17 phone calls on this topic came to me just yesterday, and I have maybe 30 more calls to return today on this same topic.
"Bart, do you think me switching from my current website to a Zillow PAW Website is a good idea?"
Short answer: Nope.
Unless you just woke up from a seven month nap, let me address this one on AR and answer this question for you all so I don't have to put the same answer in another 154 emails as I did yesterday.
HISTORY: Last year, Zillow acquired a real estate technology firm, "Diverse Solutions," for just over $7 million dollars in a cash plus stock deal. The tiny IDX shop in Irvine, California was pretty happy. They no doubt celebrated, drank champagne, bought new cars and life went on pretty smooth.
Until a few days ago.
Customers with the exsting $29 to $129.90 Diverse Solutions website flooded Zillow's switchboard asking about the new PAW service price:
- How can I switch?
- Should I switch?
- What do I get?
- Is it SEO friendly, blah, blah, blah.
Sources told me that countless agents were left on hold for an eternity, many upset agents were no doubt routed to the sisters of voice mail mercy.
Like all big companies that gobble up smaller, more agile ones... Zillow took the IDX technology from Diverse Solutions and boiled this down into a mass-marketing, me-too set of Website packages that are surprisingly not that different from what you bought from Advanced Access, eNeighborhoods, or a Pullan Communications Website just but 5 years ago.
The goal being, 300,000 (or more) real estate agents paying $10 bucks each translates into a nice pile of cash flow for a call center of 7 people and 3 automated servers that cost $508 a month at Rackspace.com
Cost: $32,900 a month. Zillow grosses $303,450 (or more) a month = $270,550 a month.
Is this a bad thing from an evil empire? Not at all. This is what I would do if I acquired Diverse Solutions. It's simply business 101. You buy up smaller companies and add their technology to your own. I call it the BORG Technique and it's practiced by every successful company I know.
Does Zillow really care that you have a state of the website and high page rank on Google? Yes, but not that much.
They are no different than Point 2 Agent, or Dominion Enterprises.
Zillow wants $2 million in cash flow a month from selling you a watered down $10 a month website, sprinked with an iFrame IDX feed. No big deal here. Thanks to Zillow, they will pump hundreds of thousands of more real estate websites into an already over-crowded sea of me-too real estate websites. It's more white noise for home buyers to sort through. Google will love it because you'll be shelling out thousands of dollars competing for eyeball space with AdWords ads.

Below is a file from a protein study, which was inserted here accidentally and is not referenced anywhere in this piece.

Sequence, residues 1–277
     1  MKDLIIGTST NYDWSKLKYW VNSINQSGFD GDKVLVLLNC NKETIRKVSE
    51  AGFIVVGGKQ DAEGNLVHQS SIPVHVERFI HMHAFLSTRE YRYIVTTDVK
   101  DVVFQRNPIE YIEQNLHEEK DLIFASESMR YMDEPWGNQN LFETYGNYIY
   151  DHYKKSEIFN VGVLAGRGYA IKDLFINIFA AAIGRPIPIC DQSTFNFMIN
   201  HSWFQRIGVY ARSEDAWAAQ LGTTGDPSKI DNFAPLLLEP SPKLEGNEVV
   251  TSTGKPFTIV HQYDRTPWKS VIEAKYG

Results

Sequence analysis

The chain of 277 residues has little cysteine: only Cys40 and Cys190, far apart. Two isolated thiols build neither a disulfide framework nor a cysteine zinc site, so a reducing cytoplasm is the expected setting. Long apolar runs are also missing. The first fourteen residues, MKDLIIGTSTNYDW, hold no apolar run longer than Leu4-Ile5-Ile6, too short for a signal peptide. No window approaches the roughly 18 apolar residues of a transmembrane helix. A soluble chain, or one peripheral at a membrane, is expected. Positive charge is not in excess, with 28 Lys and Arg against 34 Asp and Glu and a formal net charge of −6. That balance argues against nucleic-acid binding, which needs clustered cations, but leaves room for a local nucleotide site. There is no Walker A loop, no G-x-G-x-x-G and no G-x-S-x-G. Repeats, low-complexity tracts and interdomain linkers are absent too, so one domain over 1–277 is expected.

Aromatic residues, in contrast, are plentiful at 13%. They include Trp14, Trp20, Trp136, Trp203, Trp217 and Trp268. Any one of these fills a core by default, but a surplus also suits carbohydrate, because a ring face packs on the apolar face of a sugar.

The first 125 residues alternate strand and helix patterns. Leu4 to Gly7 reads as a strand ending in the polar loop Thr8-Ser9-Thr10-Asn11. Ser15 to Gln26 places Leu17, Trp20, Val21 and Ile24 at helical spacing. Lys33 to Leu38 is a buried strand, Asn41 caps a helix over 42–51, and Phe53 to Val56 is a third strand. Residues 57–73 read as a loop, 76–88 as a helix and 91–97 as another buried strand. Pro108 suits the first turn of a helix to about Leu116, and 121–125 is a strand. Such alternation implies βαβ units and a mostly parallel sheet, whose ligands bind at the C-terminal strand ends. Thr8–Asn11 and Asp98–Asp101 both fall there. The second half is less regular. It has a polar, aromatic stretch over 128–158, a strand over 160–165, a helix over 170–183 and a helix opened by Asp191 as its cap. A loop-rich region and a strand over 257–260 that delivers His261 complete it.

Lots of train wrecks in disappointments are coming. But Zillow and Google will be laughing all the way to the bank.
80,000 of you will sign up this month, and 40% of you will fire them 30 - 60 days later. It's just how this works. Nobody can afford to give you any kind of live human support for $10 bucks a month. It's going to cost them over $6 bucks just to maintain the website, pay for electricity, the people to make the server work, etc.
Terry Pullan, former CEO of Pullan Communications was acquired in 2007 by Dominion Enterprises. Terry told me they received over 100,000 sign ups a month from agents switching from other firms. 45% of them cancelled the next month or failed to pay their bill and were shut off.
So is Zillow's PAW any better when it comes for natural SEO page ranking on Google? Not at all.
Because thousands of the same content on the same server, same IP address is not going to do squat for gaining you any SERP ranking on Google. Their crawler now looks at the class-C block of IP addresses and when it finds the same website pages, on the same server and the same me-too template driven content... Google is not really going to be kind to pushing you up to a natural, page one ranking.
This is not hard to understand why. If you're a REALTOR in San Francisco, and you want to rank for "bay area homes for sale," or "san francisco homes for sale," do the math. There's 10 natural positions on Google. This is like 10 homes for sale around the lake or with ocean front. These 10 positions, like homes are going to be hard to get. And last time I checked, beach front or lake front homes are going to be expensive.
Zillow's PAW Website for $10 bucks will most likely never have a natural page one, #1 ranking on Google. Unless of course you're an agent selling real estate in Wink, Texas.
The former Google AdSense business manager of 7 years is on our payroll, so we know a few things about how Google is going to crawl and rank your site.